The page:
On Thu, 6 Jan 2000, David McDonald wrote:
> BA to establish and actively promote guidelines/standards for spotlighting
> birds, including maximum wattages for spotlights in various situations.
Power consumption (wattage) of the spotlight may not be useful because
the shape of the beam will have a significant effect on the light reaching
the bird at a given distance.
For example, I have two spotlights. One is a 30+ year old rugged metal
spotlight which consumes ~25 watts and a cheap new plastic spotlight which
consumes ~50 watts. However the old ~25 watt spotlight has a narrower
more focused beam and is signicantly brighter at typical spotlighting
Distance is even more important. The light reaching a bird will drop
(at least in principle) with the square of its distance from you. So a
bird 10m from you will receive (in principle) 25x the light of a bird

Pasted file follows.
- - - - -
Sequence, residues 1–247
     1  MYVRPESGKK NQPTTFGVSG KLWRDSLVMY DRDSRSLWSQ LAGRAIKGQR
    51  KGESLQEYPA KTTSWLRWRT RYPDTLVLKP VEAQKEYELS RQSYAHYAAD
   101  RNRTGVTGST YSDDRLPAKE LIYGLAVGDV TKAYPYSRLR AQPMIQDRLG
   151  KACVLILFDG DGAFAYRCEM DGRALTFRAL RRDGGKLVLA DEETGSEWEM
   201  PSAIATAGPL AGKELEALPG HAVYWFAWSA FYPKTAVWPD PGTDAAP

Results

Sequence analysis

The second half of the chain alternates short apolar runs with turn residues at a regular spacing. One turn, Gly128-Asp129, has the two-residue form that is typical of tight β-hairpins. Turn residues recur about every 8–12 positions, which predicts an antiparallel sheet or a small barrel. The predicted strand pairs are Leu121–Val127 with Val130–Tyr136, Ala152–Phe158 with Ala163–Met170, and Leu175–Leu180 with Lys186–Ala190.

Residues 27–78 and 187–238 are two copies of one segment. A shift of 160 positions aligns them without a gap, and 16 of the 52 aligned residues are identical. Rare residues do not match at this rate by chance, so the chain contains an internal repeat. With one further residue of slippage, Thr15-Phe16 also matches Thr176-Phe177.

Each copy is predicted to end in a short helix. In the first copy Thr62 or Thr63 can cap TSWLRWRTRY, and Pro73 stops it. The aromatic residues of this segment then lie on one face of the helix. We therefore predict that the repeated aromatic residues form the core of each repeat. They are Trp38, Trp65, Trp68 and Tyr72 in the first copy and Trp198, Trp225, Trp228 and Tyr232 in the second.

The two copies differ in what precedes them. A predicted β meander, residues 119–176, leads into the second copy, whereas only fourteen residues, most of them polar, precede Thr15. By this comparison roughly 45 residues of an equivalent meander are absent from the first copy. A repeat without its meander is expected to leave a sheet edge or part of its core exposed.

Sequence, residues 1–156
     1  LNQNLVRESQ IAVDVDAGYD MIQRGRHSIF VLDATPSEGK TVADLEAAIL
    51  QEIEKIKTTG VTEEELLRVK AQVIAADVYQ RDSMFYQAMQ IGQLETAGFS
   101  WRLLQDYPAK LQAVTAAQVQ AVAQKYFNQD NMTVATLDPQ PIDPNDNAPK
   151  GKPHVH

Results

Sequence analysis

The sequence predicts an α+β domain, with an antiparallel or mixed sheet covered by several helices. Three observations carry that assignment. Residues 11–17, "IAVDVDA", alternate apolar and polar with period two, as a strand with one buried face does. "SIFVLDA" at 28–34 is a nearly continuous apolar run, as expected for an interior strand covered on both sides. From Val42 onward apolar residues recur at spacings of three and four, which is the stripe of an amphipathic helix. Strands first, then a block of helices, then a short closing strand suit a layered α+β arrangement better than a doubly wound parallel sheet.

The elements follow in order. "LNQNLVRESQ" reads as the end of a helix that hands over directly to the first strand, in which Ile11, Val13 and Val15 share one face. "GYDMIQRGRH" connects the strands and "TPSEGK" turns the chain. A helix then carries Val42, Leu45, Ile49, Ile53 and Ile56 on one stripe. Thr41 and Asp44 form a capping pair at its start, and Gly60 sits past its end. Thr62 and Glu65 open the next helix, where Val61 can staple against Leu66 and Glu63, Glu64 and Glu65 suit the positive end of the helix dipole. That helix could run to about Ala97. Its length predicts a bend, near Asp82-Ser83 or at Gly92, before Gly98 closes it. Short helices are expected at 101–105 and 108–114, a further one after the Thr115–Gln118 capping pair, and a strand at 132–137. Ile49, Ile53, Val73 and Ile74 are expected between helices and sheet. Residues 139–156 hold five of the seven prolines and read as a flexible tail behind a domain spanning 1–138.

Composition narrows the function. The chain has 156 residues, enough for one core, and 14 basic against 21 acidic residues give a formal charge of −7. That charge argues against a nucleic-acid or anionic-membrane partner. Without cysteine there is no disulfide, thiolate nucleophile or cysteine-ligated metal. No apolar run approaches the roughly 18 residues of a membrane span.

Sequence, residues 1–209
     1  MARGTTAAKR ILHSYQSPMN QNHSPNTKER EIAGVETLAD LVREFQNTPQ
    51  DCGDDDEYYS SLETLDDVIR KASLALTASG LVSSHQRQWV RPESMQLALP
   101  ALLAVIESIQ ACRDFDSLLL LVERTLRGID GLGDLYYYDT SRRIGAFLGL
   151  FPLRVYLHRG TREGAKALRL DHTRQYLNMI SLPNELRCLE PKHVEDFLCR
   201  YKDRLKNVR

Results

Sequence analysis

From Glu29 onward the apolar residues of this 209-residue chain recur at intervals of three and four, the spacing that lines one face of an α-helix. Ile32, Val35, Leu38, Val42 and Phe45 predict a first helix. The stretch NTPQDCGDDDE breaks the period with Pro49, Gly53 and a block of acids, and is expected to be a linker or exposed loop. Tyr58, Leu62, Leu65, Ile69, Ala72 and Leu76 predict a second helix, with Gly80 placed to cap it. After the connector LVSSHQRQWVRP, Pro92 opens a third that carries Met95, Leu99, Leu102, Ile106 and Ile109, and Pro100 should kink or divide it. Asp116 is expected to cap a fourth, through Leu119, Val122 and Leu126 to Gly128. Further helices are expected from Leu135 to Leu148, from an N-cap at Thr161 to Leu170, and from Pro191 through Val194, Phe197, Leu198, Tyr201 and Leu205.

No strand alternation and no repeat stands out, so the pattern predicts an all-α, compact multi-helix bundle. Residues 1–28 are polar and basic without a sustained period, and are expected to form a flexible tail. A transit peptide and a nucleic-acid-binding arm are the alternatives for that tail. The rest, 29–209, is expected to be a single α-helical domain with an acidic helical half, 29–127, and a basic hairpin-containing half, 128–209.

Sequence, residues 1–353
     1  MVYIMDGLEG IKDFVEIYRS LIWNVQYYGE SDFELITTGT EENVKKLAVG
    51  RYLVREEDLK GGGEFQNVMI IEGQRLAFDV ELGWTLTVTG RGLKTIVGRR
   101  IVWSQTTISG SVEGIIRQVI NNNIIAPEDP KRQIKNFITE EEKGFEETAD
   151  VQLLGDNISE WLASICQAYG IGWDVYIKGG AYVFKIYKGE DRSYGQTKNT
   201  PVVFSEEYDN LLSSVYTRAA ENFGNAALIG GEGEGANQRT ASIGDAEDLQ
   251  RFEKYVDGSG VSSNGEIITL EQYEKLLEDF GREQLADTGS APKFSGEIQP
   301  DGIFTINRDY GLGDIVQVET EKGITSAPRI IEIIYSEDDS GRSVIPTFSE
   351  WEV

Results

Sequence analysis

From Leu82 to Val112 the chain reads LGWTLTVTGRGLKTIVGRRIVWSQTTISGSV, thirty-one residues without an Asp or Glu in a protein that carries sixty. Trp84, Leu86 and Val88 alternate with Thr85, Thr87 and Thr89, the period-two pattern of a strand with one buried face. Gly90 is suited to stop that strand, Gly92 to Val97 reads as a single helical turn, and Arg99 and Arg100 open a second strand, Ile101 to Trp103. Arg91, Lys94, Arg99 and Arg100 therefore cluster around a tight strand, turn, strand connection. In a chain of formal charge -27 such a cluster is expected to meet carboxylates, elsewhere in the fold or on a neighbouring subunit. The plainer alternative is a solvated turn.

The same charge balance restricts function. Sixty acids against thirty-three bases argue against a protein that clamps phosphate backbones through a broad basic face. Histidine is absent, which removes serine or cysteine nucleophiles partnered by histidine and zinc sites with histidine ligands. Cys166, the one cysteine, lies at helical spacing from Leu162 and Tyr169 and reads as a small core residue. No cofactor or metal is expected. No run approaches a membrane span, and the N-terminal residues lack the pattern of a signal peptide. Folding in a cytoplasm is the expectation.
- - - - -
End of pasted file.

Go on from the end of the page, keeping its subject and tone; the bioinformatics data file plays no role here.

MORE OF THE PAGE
50m from you.
The relevant measure is probably illumination(lux) at minimum
I must admit, I'm not worried in general about spotlighting birds
after reading Jack Pettigrew's opinion previously on birding-aus:
A side note for the birding-with-children audience, I was dissappointed
with the cheap plastic spotlight (admittedly only $20) until I took my
4 year old son spotlighting, a couple of months ago.
He carried a torch but wasn't confident with just its light.
The "superfluous" light from the cheap spotlight provided enough
low-level illumination of the trail and surroundings to let him explore
confidently. We spent a happy 2.5 hours on Lady Carrington Drive in
Royal NP (Sydney), even though it wasn't a great night (spiders, moths,
sleeping WB Scrubwren, Bush? Rat, Brushtail Possum carrying young).
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